Confirmed Faith is not blind trust
Critics of the Christian faith have argued for centuries that our faith is not a “confirmed faith.” These critiques are continuing in recent years. Ironically, criticisms of belief in God as a confirmed faith by atheists is that they consistently describe faith as “blind trust.” For example, Richard Dawkins asserts, “Faith is the ultimate cop-out”. Then he goes on to describe faith as the great refusal to think and to weigh evidence.
I contend this is a great irony. Why? Because faith in God is actually based on evidence provided by experience. This evidence is checked and re-checked against new experiences all the time.
Let me explain.
Belief in everyday life
A person’s belief system is made up of beliefs of many kinds. These arise from many sources. Some beliefs are, in fact, theories: guesses made to explain something. This happens constantly even outside science and philosophy. For example, the workers in an office may notice the boss is unusually touchy today. “What’s eating him?” they ask one another. Then one of them looks out the window. She notices a big dent in the rear of the boss’s new car. She smirks and says: “I think I know what’s eating him! Get a load of the rear of his new car!” That, my friends, is a theory. It’s a guess made to explain the boss’s uncharacteristic grumpiness.
Confirmed faith is not a theory
When we speak of confirmed faith, we assert that belief in God is not a theory. It is not a guess we make and then persist in believing without evidence. Belief in God is based upon the experience of seeing the gospel to be the truth about God from God. The New Testament calls this experience being enlightened so as to have an immediate experience of God’s truth. In science and philosophy, this experience is called “self-evidence.” Self-evidence is not viewed as a great refusal to think or weigh evidence. In fact, the vast majority of scientists and philosophers have long acknowledged the reality of self-evidential truth. Unless they already knew truths by experiencing them to be self-evident, they could not prove anything else. The very laws of logic used to prove or disprove theories, are unproven, self-evident truths.
But there is another reason why belief in God is not blind trust. We acquire confirmed faith by experiencing its self-evidence rather than by refusing to think. Further, believers test this confirmed faith in their lives. We acquire and test our faith by receiving answers to prayer. We, as believers, find the world to be the way we would expect if it were God’s creation. And we test it with further instances of the self-evidence of God’s being at work in the lives of those who love Him.
An example from a friend
And every so often, there is a specific episode of experience that is especially significant to believers in God. Here is one of them.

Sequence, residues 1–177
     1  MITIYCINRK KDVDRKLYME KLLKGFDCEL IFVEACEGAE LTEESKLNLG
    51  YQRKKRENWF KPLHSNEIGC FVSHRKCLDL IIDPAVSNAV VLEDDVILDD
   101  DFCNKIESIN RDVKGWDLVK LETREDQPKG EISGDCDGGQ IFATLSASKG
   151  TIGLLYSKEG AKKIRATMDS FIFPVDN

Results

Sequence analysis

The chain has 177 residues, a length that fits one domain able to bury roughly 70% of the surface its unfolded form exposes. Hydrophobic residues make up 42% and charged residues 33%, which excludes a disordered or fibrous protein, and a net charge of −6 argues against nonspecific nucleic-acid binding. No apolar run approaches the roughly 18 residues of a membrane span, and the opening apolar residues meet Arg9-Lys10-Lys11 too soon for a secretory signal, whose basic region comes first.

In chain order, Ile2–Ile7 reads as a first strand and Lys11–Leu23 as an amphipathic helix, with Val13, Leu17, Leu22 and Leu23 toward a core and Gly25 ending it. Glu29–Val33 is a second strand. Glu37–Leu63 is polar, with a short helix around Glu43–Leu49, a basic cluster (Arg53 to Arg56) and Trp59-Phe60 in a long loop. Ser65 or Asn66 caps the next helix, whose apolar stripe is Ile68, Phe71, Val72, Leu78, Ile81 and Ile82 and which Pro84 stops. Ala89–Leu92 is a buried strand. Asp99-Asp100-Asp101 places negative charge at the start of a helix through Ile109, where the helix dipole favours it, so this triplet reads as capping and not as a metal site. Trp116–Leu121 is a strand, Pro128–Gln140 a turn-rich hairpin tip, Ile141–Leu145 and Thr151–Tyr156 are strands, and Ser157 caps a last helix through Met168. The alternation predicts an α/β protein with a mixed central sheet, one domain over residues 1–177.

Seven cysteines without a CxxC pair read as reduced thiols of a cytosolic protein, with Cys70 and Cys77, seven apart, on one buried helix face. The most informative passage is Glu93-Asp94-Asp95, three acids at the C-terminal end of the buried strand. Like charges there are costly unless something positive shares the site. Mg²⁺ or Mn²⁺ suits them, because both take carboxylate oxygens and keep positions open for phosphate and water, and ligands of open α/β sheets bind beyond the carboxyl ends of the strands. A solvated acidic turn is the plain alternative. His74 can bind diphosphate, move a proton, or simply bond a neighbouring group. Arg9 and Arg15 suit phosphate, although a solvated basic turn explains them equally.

Long ago, when I was in seminary, I made the acquaintance of a fellow student – Cliff Crider – with whom I formed an instant friendship. He was a good bit older than I, had a lot of experience I lacked (he was a WW II vet), and had a great sense of humor. But he also had a bug-a-boo. Despite being a life-long and sincere Christian, he hated the stories about near-death experiences. He thought they were all due to oxygen deprivation in the brains of those who had them.
Years after seminary, I phoned to say we’d not seen one another for too long, and to invite him and his wife, Ann, to visit us. Ann answered the phone with a somber tone: “If you want to see your friend again you’d better get here fast” she said. “He collapsed twice last week and the doctor says he hasn’t long to live.”
I left right away, and arrived to find Cliff in bed attached to oxygen tanks and other equipment. He said: “Do you remember me telling you that the reports of near-death experiences were all bunk? Well, the last time I collapsed I had one myself. Damned if I didn’t see a long tunnel with a light at the end. And then I saw my friend George come to me and say, ‘It’s not your time yet Cliff, you have to go back!’ I said; George, what are you doing here?” And he said: “I died last month.” When the medical technicians revived me, I said to Ann: “Call George on the phone, will you?” So Ann dialed George’s number, and asked for George. When his wife answered she said: “Sorry, but George isn’t here. He died last month.”
Confirmed faith is genuine faith
Experiences such as this are not had by every believer, but they are far more common than most people suppose. The question they pose for atheists is this: granted not all near-death experience are genuine. Yet, what evidence have you that none of them are?
If even one such experience is genuine, then there is life after death. Therefore, one of the doctrines that is based on belief in God has been experientially confirmed. And this confirmation is in addition to the initial experience of seeing the gospel to be – self-evidently – the truth about God from God. That, my dear reader, is confirmed faith.